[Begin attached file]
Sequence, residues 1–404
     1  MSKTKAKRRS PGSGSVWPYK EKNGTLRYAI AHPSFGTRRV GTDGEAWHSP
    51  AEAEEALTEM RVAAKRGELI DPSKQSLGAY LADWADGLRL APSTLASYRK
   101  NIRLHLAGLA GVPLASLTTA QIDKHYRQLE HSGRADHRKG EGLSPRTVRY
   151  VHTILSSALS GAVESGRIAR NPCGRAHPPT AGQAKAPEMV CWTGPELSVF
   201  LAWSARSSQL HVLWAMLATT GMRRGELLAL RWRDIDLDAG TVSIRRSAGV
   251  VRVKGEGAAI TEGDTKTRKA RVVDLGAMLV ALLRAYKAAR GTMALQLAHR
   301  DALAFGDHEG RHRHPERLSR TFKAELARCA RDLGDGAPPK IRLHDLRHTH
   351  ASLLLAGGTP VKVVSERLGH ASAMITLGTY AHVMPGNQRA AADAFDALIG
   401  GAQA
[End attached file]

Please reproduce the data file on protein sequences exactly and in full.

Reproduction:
Sequence, residues 1–404
     1  MSKTKAKRRS PGSGSVWPYK EKNGTLRYAI AHPSFGTRRV GTDGEAWHSP
    51  AEAEEALTEM RVAAKRGELI DPSKQSLGAY LADWADGLRL APSTLASYRK
   101  NIRLHLAGLA GVPLASLTTA QIDKHYRQLE HSGRADHRKG EGLSPRTVRY
   151  VHTILSSALS GAVESGRIAR NPCGRAHPPT AGQAKAPEMV CWTGPELSVF
   201  LAWSARSSQL HVLWAMLATT GMRRGELLAL RWRDIDLDAG TVSIRRSAGV
   251  VRVKGEGAAI TEGDTKTRKA RVVDLGAMLV ALLRAYKAAR GTMALQLAHR
   301  DALAFGDHEG RHRHPERLSR TFKAELARCA RDLGDGAPPK IRLHDLRHTH
   351  ASLLLAGGTP VKVVSERLGH ASAMITLGTY AHVMPGNQRA AADAFDALIG
   401  GAQA